At almost 75, I've definitely accepted myself as old, and am embracing it consciously......unconsciously, things can get ridiculous. Or not, I don't know. I'm walking along the road with my very small dog, and a truck of guys is approaching. I get my tough walk together, like "don't mess with me, guys." This, we all know, is going to have to end some day. I'm using the world "old" more now, and with some authority........I've been able to say it twice just lately, and didn't get the old "you're not old" rubric. Yay. I definitely budget time now, and need rest days. And am thinking about how to kindly tell younger house guests that I need to rest, or that they'll need to amuse themselves for the afternoon because Aunt Salinda is old now. Oh la.

I became 78 just 20 days ago. I wrote about that in my journal. People tell me I look younger or that I'm "youthful," but I tell them I am old. They don't want to hear it and will argue with me. Strange. I began to feel a change in how much I could at age 67 - but, my daughter died then and I think that aged me.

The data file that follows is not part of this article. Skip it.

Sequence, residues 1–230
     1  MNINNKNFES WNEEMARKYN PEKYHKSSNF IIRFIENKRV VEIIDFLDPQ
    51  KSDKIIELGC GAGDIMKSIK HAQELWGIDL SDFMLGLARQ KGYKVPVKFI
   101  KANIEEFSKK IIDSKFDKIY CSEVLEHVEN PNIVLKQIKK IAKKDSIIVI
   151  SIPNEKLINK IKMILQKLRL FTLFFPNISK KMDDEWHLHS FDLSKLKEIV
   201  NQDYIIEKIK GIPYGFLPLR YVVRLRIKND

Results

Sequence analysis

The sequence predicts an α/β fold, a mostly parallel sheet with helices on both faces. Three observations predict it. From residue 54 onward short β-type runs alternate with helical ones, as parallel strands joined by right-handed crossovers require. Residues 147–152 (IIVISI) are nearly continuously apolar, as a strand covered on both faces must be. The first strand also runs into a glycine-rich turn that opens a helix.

I have driven myself from northern Indiana to southern Texas to leave the snow and ice behind for the last 3 years, and it took me longer to recover this last time. I come here because my brother lives here. I love to come here for the activities that Indiana doesn't have. The Osher Institute for LifeLong Learning is here and I'm taking classes in Tai-Chi and Ukulele (which I absolutely adore). Back to birdwatching here as well -- love how it gets me outdoors.

I'm reading Ursula K. LeGuin's The Wave in the Mind, a collection of essays. She begins her introduction: "I am a man. ... Women are a recent invention." She closes the essay with, "I might just as well start pretending I am an old woman. I am not sure that anybody has invented old women yet; but it might be worth trying."

So next time anyone argues with me about being old, I'm going to tell them they are just pretending I'm not old. Frankly, I'm proud to be old.

Judy

P.S. Ronni: I hope you'll write sometime about the movies and serials about us lovey elders. Like, "Grace and Frankie," "Our Souls At Night," and my fave, "Last Tango in Halifax."